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Integral to those numbers is something called WAR, which stands for wins above replacement. What replacement? A replacement player, of course, but he’s mythical.
Statistics zealots apparently love to deal with mythical or hypothetical players. The problem for those of us who prefer dealing with reality and actual human beings is we can’t buy into the idea of using mathematical formulas instead of real players.
—Murray Chass, September 5, 2010.

I have considered WAR and VORP (“value over replacement player;” yes there’s that replacement guy again), and I have a basic problem with them. The replacement player isn’t real; he’s a myth, and I’ve never seen a myth play baseball. It’s like fantasy baseball. That stuff isn’t real either. —Chass, March 6, 2011

Before we begin, a disclaimer of sorts, or at least a plea for indulgence. I know we hit ol’ Murray quite recently, and at that time some of the comments suggested that we stop shooting at this fish and leave him in his Hall of Fame barrel. I’m sympathetic to that point of view to the extent that I suspect we in the sabermetric community are the only people paying the slightest attention, and unsympathetic because (a) the existence of retrograde thought offends me, (b) battling ignorance is part of my job description, and (c) attacking it is so darned fun.

I would still have left Murray alone except that while in Boston I found myself violently thrown out of a dream and quite nearly onto the floor, and the thought that echoed in my sweat-drenched skull was, “If you can teach the story of the three bears to children, you can teach replacement level to Murray Chass,” except the story that I dreamt was not that of the bear trio, but that of Babe Ruth’s Dead Fat Cat. Yes, my subconscious is due for an overhaul if I’m dreaming of Murray Chass, but I believe it spoke truly. Thus, the exhumation of Murray’s DOA ideas one last time.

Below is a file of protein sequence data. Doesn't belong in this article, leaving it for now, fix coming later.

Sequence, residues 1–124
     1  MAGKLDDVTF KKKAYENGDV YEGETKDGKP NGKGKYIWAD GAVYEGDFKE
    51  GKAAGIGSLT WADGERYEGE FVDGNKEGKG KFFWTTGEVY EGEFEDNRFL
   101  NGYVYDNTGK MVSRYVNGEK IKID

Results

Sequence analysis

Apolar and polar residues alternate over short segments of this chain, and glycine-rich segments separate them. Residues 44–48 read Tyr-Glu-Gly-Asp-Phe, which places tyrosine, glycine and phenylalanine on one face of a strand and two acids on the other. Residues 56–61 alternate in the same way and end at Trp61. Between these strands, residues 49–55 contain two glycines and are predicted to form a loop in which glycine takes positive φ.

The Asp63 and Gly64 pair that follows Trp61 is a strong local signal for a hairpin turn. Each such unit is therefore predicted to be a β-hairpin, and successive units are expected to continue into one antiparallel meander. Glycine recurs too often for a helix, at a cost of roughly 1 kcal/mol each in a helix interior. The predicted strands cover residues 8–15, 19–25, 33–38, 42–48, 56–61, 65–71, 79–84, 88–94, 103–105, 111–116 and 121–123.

It is important to draw a distinction between the stupid and the willfully obtuse. No one has ever seen a bear family set up a bed and breakfast and start cooking oatmeal. Nor, for that matter, has anyone stuffed a cat into a steel box along with a decaying radioactive substance and a flask of hydrocyanic acid, as Erwin Schrödinger proposed in his famous critique of quantum mechanics. Even he called this illustration “quite ridiculous.” In addition, most recent scholarship debunks the notion that Aesop came upon a fox and a crow arguing over a piece of cheese in the middle of the woods. These are clearly stories meant to illustrate some point, extended metaphors. Those of less than average intelligence may take such stories as intended to be literal representations of what they portray, and insist they are being lied to in some way—“He-ey! Bears don’t do that!”—but as that level of thickness is, even for the benighted human race, extremely rare, we are forced to assume that Chassian protestations in the same vein are therefore perversely inspired, a tool for argument. We will not guess at his motivations, but will proceed to the argument, such as it is.

Chass is correct that the replacement-level player is a hypothetical, but it is hypothetical in the same way as those bears or Schrödinger’s cat, imaginary figures that can teach us something valuable and real. The idea of the replacement level is slightly more complex than the three bears, but its purpose is not. Put aside cavils about exactly where the replacement level should be set, because it’s irrelevant to the utility of the concept itself, which is great as long as you’re not bent on insisting that something figurative be taken literally.

There is an old saying, “In the dark, all cats are gray.” Measuring ballplayers without sufficient context is like judging the color of cats in the dark. The idea of the replacement level is simply that in order to understand the real value of something, you need something else with which to compare it. Here we come to Babe Ruth’s Dead Fat Cat: